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SOUTHERN QUARTERLY REVIEW.
Art. I.—Nineveh and its Remains: with an account of a visit to the Chaldaean Christians of Kurdistan, and the Yezidis or Devil-worshippers, and an inquiry into the manners and arts of the ancient Assyrians; by Austen Henry Layard, Esa., D.C.L. New-York: G. P. Putnam. 1849. 2 vols. 8vo.
No portion of the earth's surface, save Palestine, can vie in historical interest with that now almost desert plain, which, rising from the waters of the Persian Gulf and stretching north-westwardly along the mountains of Kurdistan, reaches to those of Armenia. Here it was that the Lord God planted the Garden of Eden, bringing forth all manner
"Of goodliest trees, loaden with fairest fruit;
Blossoms and fruits at once of golden hue
Appear'd, with gay enamel'd colors mix'd,
On which the sun more glad impress'd his beams,
Than in the fair ev'ning cloud or humid bow,
When God hath show'r'd the earth: so lovely seem'd
That Jandskip." Par. Lost, b. iv.
Here still flow on the Tigris and the Euphrates, named in Holy Writ (Gen. ii., 14,) as rivers of Eden. Their waters still fertilize a soil which, accurst though it be, will yet yield, even to rude and imperfect culture, a harvest of 1 Vol. xvi.—No. 31.
an hundred fold. Here our first parents spent their brief hours of innocence, ere they had sinned and by their sin
"Brought death into the world and all our woe."
Here, too, driven from Eden, they wandered in sorrow, and tilled the earth hi the sweat of their brow. On this plain, when the waters of the Deluge had passed away, did the children of Noah, while yet of the same tongue, assemble together, and, forgetful of the power of God, say to each other: "Let us make a city and a tower, the top whereof may reach to heaven; and let us make our name famous before we be scattered abroad into all lands." (Gen. xi., 4.) From this centre, when the Lord had confounded their speech and humbled their pride, did they go forth to people the entire earth. Here Nimrod became a mighty hunter before the Lord, and ruled over his fellow men. Here he built Babylon, afterwards so renowned in history. Flying from his face, or perhaps leaving at the general dispersion, Assur crossed the Tigris and gave his name to the eastern portion of the valley between that river and the mountains, founding Resen and Calah and Nineveh, known even in the days of Moses as the great city.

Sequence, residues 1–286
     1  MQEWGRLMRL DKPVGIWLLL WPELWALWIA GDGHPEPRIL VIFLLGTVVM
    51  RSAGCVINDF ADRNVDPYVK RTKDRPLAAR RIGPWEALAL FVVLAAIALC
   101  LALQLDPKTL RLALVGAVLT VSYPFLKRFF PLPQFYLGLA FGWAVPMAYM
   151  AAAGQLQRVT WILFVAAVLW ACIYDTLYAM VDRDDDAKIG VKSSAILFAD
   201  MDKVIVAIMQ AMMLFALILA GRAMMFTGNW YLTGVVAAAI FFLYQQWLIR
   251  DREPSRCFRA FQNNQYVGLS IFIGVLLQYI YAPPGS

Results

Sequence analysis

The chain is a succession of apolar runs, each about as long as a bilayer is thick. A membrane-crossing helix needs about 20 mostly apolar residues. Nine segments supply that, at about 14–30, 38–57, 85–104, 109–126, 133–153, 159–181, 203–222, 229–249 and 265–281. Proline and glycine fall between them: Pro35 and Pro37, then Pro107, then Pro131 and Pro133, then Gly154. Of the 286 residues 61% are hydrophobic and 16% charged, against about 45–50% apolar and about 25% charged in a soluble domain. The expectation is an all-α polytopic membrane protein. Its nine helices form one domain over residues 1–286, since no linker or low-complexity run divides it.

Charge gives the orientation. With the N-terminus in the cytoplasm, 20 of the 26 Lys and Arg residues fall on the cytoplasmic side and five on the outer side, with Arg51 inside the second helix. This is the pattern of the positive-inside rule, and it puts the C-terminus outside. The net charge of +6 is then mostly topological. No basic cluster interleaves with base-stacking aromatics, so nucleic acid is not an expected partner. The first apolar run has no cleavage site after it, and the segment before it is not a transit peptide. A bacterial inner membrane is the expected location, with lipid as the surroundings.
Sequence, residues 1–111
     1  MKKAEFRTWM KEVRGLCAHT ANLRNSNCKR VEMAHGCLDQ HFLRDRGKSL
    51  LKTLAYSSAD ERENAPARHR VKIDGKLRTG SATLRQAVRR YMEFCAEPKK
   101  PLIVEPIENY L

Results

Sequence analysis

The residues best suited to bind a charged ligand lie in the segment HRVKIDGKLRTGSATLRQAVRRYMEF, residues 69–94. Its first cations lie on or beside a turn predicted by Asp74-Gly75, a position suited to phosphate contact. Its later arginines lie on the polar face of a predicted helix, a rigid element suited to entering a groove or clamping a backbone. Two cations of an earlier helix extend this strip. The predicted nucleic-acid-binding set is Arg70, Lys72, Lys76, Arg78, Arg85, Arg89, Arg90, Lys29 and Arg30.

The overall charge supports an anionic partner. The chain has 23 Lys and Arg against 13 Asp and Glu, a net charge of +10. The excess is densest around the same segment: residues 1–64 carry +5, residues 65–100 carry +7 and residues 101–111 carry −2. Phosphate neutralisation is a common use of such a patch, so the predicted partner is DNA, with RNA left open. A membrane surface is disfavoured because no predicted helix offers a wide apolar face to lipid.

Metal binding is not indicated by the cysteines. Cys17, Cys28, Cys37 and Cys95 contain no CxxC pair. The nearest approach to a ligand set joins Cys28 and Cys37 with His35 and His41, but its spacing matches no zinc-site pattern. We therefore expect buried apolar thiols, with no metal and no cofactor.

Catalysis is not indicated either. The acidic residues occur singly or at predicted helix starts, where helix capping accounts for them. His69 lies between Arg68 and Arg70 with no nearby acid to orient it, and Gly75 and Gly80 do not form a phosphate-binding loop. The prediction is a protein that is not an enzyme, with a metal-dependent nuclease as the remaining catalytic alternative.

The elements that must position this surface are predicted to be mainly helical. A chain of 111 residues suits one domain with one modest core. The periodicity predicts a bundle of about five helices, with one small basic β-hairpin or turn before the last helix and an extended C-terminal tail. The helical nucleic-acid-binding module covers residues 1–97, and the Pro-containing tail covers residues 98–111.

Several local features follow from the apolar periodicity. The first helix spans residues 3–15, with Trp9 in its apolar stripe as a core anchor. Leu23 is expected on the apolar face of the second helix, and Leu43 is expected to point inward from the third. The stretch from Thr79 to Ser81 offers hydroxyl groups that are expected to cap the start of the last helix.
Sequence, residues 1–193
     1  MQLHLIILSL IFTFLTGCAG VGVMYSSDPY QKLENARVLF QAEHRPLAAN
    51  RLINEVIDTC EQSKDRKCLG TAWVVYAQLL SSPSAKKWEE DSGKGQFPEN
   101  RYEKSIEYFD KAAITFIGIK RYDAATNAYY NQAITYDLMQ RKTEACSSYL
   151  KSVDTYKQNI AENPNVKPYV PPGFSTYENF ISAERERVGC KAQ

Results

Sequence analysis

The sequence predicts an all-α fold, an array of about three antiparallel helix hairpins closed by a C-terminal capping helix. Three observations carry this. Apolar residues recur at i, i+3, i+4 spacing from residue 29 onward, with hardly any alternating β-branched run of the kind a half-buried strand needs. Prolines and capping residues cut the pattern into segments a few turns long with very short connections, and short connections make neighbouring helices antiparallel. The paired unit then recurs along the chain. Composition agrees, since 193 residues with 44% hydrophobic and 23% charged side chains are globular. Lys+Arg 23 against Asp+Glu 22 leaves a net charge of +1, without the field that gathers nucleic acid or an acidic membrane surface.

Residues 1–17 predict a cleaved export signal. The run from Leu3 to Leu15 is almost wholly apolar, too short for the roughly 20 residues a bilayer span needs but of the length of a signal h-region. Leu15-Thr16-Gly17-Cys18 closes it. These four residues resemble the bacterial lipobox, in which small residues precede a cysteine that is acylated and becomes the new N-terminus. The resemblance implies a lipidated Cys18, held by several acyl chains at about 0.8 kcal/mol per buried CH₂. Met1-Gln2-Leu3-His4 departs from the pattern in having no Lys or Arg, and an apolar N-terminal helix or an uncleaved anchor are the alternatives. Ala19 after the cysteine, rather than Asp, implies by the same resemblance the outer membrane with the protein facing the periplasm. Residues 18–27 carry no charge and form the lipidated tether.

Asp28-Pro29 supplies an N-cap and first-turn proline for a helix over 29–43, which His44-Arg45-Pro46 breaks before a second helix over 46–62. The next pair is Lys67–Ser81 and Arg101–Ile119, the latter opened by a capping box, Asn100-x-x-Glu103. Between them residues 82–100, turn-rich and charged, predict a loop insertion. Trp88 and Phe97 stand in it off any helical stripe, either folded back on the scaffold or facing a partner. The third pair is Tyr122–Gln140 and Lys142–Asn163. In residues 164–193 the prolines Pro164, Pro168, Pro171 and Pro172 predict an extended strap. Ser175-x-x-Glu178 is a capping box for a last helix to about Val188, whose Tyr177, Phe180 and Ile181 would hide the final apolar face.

For twenty centuries, as the Assyrian, the Babylonian, the Mede, the Persian and the Greek succeeded each other on the throne, the tributes and the spoils of surrounding nations were here lavishly squandered in every mode that could display the magnificence or perpetuate the memory of mighty sovereigns. Each seemed, with the land, to inherit the ambitious desire of the builders of Babel, Each strove to found cities, to erect towers; to build walls and to raise structures, which neither man nor time nor the hand of heaven should destroy. For twenty centuries the work was pursued without intermission. Neither time nor wealth nor skill was spared. Nothing that man could do was left undone. Yet how vain and futile his mightiest effort! The decree went forth that Nineveh should be laid waste, and that Babylon should be as when God overthrew Sodom and Gomorrah. This plain, once filled with gorgeous cities and countless villages, chequered with fruitful groves and cultivated fields, has become a wild deserted waste, over which the wandering Arab drives his flock in search of a precarious pasturage, and from which even he is forced to flee, as the grass withers under thei